May 16, 2017

Senators Warren and Lankford Introduce Truth in Settlements Act to Increase Transparency of Federal Agency Settlements

Fact Sheet (PDF)
Bill Text (PDF)

Washington, D.C. - United States Senators Elizabeth Warren (D-Mass.) and James Lankford (R-Okla.) today reintroduced bipartisan legislation to increase transparency around major settlements reached by federal enforcement agencies. The Truth in Settlements Act will require more accessible and detailed disclosures about settlement agreements so that the public can better understand the agreements the federal government is making on their behalf.

When closing investigations and settling cases, federal agencies frequently tout the dollar amount obtained from the offender. These numbers are often misleading because the payments may be tax deductible or may include "credits" the settling party can earn toward the settlement amount.  Sometimes agreements are deemed confidential, with key details or the settlement itself remaining undisclosed, further obstructing public transparency.

"Government accountability requires transparency, and that's what this bipartisan bill provides," Senator Warren said. "The Truth in Settlements Act will shut down backroom deal-making by shining a light on federal agency settlements with lawbreaking companies. More transparency means Congress, citizens and watchdog groups can better hold regulatory agencies accountable for enforcing laws so that everyone - even corporate CEOs - are equal under the law."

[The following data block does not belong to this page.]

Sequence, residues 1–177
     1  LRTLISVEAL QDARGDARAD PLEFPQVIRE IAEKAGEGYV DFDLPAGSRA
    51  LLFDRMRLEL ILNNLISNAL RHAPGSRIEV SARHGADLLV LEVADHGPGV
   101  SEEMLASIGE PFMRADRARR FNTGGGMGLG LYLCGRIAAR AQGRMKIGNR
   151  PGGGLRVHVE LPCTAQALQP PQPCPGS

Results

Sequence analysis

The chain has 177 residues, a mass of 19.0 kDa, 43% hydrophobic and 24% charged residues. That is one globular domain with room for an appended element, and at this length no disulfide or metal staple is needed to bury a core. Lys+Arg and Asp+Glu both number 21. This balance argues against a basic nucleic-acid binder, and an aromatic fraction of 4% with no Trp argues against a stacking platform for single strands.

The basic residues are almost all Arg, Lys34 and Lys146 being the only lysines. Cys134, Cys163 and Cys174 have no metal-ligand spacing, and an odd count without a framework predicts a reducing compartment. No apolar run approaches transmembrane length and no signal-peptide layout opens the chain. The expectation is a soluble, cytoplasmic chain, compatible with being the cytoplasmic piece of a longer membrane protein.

"Taxpayers deserve an open and transparent government that is accountable to the American people," Senator Lankford said. "The Truth in Settlements Act will ensure the federal government is held accountable for investigations and settlements that are often decided behind closed doors. Federal agencies work for the American people, agencies should show how they protected the taxpayer and followed the law, unless confidentiality is required."

The Truth in Settlements Act will increase transparency of government settlements and permit greater public scrutiny by requiring federal agencies to post basic information about major settlements and provide copies of those agreements on their websites.  Any written public statement issued by an agency about the value of a major settlement will be required to include an explanation of how those settlement payments are categorized for tax purposes and whether payments may be offset by "credits" for particular conduct. Companies that settle with federal agencies will be obligated to disclose in their Securities and Exchange Commission (SEC) filings whether they have deducted any or all of the dollar amounts of their settlements from their taxes.  

Additionally, this legislation will require agencies to openly explain why confidentiality is justified in any particular instance. The Act will also direct agencies to disclose basic information about the number of settlements they deem confidential each year and directs the Government Accountability Office (GAO) to conduct a study of confidentiality procedures and to provide additional recommendations for increasing transparency.

The bill was originally introduced in 2014 by Senators Elizabeth Warren and Tom Coburn (R-Okla.), and advanced through the Senate Homeland Security & Governmental Affairs Committee by voice vote.  It was then reintroduced in 2015 by Senators Warren and Lankford, advancing once again through the Senate Homeland Security and Governmental Affairs Committee by voice vote and then through the Senate by unanimous consent.  The Senate bill was then advanced via voice vote in the House Oversight and Government Reform Committee.